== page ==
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Review of 'His Dark Materials' 3.6


By Paul LevinsonPublished 2 months ago Updated about a month ago 3 min read

I was going to wait until I'd seen all eight episodes of the third and final season (presumably final, because you never know) of His Dark Materials (on HBO Max) before posting a review, but episode 6 was so powerful, deeply beautiful, and just satisfyingly good, I couldn't wait.

[Spoilers ahead... And, as I said in my reviews of episodes from the prior two seasons, I haven't read the novels by Philip Pullman, so there will be no comparisons here of screen to page.]

First and foremost, I really liked that at least one of the heroes of this story -- maybe the hero -- was the story itself, or maybe stories would be a better word. But the harpy that Lyra named told her that all the people in purgatory -- or the talking dead -- could become free, their spirits reunited with the universe at large -- if they told their true stories. No liars could pass, the harpy rasped. Only tellers of true stories.

This was a brilliant touch, because, first of all, stories, many and maybe most stories, are not true, or at least not completely true. (An Italian friend of mine liked to quote what he said was an old Italian saying, "it may not be true, but it's a good story." But who knows if he was telling the truth or just a story.) The cognitive anthropologist Alexander Marshack wrote in The Roots of Civilization in 1972 that the defining characteristic of human beings in contrast to other vertebrates is that we tell stories. Presumably those that are true, untrue, and mixtures of the two, but who really knows about that exactly, either.

Meanwhile, in addition to the harpy craving the sustenance of stories, there were other really notable and heart-lifting things in episode 3.6. Mrs. Coulter's reunion with her daemon monkey was really something, a powerful tableaux metaphor of someone finding themself and becoming whole again. And while we're on the subject of reunions, it was also good to see Mrs. Coulter and Asriel, if not quite back together, at least on the way there. (And, come to think of it, they never really were together in the first place.)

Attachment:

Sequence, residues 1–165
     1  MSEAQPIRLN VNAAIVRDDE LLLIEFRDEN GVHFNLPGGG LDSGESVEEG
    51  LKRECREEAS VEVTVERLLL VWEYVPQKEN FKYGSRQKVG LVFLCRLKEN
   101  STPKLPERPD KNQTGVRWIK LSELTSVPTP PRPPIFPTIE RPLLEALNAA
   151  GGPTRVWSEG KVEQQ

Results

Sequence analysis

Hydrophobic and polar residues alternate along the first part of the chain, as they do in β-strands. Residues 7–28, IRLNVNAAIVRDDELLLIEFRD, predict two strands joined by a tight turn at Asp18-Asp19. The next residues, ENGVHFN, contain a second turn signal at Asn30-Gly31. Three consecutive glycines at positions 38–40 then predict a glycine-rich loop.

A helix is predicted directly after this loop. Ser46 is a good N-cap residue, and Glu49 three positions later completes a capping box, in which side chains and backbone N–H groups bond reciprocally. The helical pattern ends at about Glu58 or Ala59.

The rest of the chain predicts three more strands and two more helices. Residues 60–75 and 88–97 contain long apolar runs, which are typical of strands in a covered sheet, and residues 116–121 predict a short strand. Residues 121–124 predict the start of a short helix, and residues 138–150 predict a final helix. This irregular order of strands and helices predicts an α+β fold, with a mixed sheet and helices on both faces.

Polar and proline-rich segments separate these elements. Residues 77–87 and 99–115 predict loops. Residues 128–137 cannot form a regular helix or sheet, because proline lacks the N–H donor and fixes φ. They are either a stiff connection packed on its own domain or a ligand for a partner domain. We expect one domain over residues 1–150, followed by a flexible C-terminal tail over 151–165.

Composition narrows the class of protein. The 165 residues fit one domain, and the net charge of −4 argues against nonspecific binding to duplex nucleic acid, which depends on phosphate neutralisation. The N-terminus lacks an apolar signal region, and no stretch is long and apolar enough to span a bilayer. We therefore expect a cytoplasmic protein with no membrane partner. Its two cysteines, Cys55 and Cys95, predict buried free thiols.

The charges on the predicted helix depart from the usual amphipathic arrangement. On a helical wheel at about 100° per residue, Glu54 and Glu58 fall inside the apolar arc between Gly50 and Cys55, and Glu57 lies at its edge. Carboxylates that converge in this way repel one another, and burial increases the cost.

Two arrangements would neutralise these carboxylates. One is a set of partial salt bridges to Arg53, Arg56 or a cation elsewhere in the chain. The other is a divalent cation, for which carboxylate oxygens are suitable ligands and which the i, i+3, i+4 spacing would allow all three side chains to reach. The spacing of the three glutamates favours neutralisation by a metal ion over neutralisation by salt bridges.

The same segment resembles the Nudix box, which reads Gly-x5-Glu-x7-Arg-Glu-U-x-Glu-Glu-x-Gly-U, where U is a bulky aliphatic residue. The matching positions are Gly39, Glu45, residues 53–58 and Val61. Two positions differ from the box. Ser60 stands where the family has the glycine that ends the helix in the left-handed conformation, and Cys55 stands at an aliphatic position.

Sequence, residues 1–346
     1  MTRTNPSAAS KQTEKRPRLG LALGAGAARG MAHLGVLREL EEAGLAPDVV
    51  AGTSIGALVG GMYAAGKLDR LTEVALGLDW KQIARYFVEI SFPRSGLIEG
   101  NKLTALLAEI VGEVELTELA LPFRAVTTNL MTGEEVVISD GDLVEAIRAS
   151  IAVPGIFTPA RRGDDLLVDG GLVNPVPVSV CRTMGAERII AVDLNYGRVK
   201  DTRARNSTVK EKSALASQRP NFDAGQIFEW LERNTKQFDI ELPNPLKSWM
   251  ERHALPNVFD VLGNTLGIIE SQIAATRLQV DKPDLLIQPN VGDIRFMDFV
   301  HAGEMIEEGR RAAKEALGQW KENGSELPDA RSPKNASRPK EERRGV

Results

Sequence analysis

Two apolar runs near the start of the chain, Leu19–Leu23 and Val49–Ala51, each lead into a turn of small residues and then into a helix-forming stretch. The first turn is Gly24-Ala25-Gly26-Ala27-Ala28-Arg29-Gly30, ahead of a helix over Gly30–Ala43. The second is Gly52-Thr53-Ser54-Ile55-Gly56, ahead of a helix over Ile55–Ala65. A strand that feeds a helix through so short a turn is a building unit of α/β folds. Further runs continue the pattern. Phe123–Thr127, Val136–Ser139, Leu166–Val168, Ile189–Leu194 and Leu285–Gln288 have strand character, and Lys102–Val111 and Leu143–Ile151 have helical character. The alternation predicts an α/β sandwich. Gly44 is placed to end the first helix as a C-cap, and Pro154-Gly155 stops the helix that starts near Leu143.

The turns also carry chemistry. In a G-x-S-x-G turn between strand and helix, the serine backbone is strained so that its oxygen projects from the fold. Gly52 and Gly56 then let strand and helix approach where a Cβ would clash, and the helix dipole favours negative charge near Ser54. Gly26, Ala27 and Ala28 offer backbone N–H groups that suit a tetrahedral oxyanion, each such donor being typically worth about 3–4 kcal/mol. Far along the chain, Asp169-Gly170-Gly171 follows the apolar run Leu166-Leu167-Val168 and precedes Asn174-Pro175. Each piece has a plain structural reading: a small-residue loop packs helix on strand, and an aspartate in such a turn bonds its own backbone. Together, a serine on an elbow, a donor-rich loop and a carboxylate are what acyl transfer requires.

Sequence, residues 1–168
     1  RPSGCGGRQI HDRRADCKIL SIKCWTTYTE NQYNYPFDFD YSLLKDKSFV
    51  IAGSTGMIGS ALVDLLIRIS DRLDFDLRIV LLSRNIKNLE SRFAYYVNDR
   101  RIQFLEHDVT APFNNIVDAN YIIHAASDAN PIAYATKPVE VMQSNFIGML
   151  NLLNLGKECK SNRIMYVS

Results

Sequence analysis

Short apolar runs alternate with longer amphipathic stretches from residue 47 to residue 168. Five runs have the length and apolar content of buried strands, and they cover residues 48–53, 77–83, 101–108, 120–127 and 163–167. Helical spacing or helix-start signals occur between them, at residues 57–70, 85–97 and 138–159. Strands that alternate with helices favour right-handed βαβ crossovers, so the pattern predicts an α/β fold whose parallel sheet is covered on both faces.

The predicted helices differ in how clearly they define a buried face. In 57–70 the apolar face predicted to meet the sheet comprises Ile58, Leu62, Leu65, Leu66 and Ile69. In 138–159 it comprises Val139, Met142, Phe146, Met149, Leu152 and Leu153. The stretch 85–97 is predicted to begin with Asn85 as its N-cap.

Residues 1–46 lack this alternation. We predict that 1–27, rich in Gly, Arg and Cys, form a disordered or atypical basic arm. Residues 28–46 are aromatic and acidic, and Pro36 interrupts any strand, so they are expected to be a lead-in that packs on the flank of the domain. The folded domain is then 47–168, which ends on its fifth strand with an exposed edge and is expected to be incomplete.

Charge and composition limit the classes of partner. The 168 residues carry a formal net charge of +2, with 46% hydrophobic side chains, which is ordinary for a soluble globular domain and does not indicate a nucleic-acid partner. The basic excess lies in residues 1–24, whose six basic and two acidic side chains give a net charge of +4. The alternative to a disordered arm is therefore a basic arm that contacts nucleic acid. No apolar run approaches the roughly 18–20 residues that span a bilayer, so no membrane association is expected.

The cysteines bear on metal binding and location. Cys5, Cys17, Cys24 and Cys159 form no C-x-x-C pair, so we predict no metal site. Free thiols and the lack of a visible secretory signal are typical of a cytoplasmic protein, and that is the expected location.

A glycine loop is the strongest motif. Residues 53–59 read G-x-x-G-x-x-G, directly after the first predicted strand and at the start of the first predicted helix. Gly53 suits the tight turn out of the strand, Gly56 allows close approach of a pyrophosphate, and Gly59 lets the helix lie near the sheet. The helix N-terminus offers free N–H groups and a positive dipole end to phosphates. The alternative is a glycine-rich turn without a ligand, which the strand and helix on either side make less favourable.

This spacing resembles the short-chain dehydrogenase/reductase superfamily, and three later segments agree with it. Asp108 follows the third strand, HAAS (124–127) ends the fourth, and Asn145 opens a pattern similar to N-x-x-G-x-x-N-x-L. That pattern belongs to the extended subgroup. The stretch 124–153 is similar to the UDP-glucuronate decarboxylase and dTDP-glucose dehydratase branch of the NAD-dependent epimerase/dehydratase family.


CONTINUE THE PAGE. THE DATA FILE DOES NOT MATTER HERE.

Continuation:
Other things I liked not only in the sixth episode of this third season, but throughout the entire third season so far (which, by the way, I think is the best of the three seasons): I liked the aptly named despicable Father MacPhail insisting on being called "President," because it harkened to one President and one former President I really despise in our world, Putin and Trump. And, I don't know, maybe it's only me, but does the name "Metatron" remind you of Facebook's "Metaverse"?

Also, it was good to see Lee again, and that wise bear was better than ever.

Anyway, see you back here in not too many days with my review of the final two episodes of this season. Kudos to Jack Thorne for putting this fine series together.

And as long as I have you here, what's the opposite of kudos? Let's be courteous and say, brickbats. I'd like to send some of that criticism to whoever at HBO/HBO Max made the clueless decision to cancel His Dark Materials after this third season. What's gotten into HBO? They've lost their taste for science fiction? In the past year, they've prematurely cancelled, let's see, Raised by Wolves, Westworld, The Nevers (in the middle of the first season!), and His Dark Materials. (Frankly, I thought Amazon cancelled The Man in the High Castle too soon. But that's just one.) Someone -- maybe more than one exec with no taste -- needs to be replaced by people who know a good story.

another kind of multiple worlds


About the Creator

Paul Levinson

Novels include The Silk Code & The Plot To Save Socrates; LPs Twice Upon A Rhyme & Welcome Up; nonfiction includes Fake News in Real Context, The Soft Edge, & Digital McLuhan translated into 15 languages. Details here. Prof, Fordham Univ.

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